With mounting evidence of pesticide contamination of drinking water sources, damage to wider eco-systems and a biodiversity crisis, a National Federation of Group Water Schemes (NFGWS) survey suggests that most householders that currently use pesticides are prepared to rethink their use in order to protect the environment.
The survey was carried out as part of a group water scheme led education drive, which took place in national schools throughout Roscommon and in Newport Co Mayo alongside the ‘I’ve planted a tree and my garden is pesticide free’ initiative.
The initiative — which is part of the NFGWS Drinking Water Source Protection Pilot Project — saw children bring the message home about the link between the protection of drinking water sources and the wider natural environment, and the dangers of pesticides to both.
The survey garnered a good response and presented some interesting findings. Presumably after reading information material taken home by their children, 96% of respondents agreed that pesticide usage can negatively impact water quality and biodiversity.
While 69% of respondents asserted that they normally use pesticides in their gardens, 42% expressed their intention to reduce usage, while 35% said that they plan to stop using pesticides altogether.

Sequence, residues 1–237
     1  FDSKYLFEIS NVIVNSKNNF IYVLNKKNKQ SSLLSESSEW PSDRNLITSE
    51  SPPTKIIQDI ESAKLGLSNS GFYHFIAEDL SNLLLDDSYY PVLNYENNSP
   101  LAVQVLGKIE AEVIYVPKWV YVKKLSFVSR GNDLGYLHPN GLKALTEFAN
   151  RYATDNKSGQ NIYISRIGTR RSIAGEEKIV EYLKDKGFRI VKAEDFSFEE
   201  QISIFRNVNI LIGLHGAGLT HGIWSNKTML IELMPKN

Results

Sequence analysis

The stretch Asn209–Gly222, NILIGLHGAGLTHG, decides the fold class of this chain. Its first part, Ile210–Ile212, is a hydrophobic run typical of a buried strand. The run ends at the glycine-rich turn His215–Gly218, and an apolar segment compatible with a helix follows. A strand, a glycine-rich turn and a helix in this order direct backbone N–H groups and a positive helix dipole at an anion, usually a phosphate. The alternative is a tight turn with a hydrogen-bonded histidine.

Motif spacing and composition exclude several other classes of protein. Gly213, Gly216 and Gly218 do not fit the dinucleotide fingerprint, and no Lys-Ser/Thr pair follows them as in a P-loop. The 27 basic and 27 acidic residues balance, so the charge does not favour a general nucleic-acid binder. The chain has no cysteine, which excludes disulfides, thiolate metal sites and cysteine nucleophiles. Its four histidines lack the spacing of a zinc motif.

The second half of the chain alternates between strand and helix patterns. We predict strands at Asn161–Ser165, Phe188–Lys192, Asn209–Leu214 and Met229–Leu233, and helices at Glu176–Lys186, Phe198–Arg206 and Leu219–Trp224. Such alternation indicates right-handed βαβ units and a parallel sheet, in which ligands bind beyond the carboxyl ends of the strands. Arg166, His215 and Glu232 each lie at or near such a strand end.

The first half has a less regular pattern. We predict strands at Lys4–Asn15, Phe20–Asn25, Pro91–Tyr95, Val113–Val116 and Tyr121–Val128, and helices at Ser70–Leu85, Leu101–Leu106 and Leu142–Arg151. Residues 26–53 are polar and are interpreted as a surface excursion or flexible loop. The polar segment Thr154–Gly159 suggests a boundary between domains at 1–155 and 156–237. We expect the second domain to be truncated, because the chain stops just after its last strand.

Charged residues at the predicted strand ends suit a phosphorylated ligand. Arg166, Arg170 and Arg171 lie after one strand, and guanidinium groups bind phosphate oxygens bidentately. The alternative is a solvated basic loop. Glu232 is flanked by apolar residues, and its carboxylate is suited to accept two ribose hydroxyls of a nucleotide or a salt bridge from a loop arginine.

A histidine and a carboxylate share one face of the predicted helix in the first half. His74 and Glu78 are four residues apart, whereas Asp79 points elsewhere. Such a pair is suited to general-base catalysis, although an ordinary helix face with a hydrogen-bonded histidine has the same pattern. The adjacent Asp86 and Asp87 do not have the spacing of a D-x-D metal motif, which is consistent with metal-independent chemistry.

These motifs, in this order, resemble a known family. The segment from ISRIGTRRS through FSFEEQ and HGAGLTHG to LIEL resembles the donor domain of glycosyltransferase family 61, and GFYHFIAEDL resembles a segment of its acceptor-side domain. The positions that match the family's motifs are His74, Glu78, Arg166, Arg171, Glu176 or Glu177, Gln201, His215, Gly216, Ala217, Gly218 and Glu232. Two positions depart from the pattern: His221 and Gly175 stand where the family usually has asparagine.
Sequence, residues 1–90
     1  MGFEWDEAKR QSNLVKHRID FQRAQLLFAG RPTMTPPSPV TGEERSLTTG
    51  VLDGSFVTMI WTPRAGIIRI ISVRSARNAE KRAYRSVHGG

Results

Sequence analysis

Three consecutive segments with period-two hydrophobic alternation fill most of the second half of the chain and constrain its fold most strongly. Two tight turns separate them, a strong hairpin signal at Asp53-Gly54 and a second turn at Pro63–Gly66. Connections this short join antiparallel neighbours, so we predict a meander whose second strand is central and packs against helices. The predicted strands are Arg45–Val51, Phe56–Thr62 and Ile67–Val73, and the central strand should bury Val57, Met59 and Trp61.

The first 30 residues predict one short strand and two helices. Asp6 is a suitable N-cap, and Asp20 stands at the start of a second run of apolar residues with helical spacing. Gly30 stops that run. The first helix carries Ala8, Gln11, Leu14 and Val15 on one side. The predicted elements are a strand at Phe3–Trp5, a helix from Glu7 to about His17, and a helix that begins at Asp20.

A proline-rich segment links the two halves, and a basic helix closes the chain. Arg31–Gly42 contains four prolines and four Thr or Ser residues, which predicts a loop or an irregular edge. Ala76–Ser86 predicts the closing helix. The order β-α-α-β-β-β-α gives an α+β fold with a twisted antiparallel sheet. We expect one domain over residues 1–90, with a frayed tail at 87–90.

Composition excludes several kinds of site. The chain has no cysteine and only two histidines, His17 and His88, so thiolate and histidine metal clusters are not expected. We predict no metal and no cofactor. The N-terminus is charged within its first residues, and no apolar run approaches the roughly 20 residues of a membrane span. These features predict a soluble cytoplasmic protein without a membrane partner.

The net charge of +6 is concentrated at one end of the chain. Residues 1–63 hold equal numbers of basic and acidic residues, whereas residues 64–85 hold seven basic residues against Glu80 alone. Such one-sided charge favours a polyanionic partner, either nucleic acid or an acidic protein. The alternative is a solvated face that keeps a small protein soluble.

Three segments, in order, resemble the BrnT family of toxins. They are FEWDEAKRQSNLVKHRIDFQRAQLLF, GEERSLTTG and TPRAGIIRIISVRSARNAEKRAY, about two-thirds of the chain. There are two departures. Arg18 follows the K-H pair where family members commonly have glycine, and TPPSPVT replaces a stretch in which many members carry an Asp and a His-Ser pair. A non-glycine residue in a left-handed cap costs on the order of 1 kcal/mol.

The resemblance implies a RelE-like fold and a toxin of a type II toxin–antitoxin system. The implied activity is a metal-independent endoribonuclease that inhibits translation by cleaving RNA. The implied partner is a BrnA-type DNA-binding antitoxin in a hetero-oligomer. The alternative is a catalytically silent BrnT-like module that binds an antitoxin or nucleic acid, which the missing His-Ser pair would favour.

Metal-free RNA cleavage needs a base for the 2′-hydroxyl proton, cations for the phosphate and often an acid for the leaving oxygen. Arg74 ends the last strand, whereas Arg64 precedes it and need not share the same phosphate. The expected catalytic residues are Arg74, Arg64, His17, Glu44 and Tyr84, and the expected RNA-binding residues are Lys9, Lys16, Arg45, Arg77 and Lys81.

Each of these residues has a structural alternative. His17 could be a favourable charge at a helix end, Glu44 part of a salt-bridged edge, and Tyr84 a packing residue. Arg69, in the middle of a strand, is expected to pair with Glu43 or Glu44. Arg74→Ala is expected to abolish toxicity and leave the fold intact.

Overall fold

Interestingly, for those deciding to no longer use these products or who are planning to reduce their usage, 42% said their primary motivation was to protect bees and other pollinators, with 25% citing the protection of their water source as the highest motivating factor.
Reacting to the survey’s findings, Joe Gallagher, the NFGWS representative on the National Pesticides and Drinking Water Action Group, said that ‘As a society, we must rethink our attitude around the concept of “unwanted” vegetation.' While acknowledging that this will take time, he added:
The survey illustrates the importance of providing an alternative strategy for controlling unwanted vegetation and ‘pests’ to those who use these products and the need to persuade people that a garden buzzing with biodiversity is far preferable to an overly tidy and sterile garden that is a desert for wildlife.
Noel Carroll, general manager of Mid-Roscommon GWS said: ‘Thank you to all the schools that participated. It is encouraging to see that the efforts of group water schemes to raise awareness about the dangers of pesticides is succeeding in educating the public and changing behaviours. This will have the dual reward of helping to protect our drinking water sources while also benefitting biodiversity. ’
Catherine Finlay, Senior Executive Officer, Water Services, Roscommon County Council, said: ’Roscommon County Council is delighted that the message to reduce the use of pesticides in our gardens and communities, to help protect the bees and in turn protect the sources of our drinking water, is being supported through the children in our schools. We thank the teachers, the parents and the schoolchildren for participating in the survey. We will continue the good work on this project with our group water scheme members who are working hard to share better practices in households and on the farm.’
Further discussion on the topic of pesticides in drinking water sources can be read in the latest edition of the Rural Water News magazine here.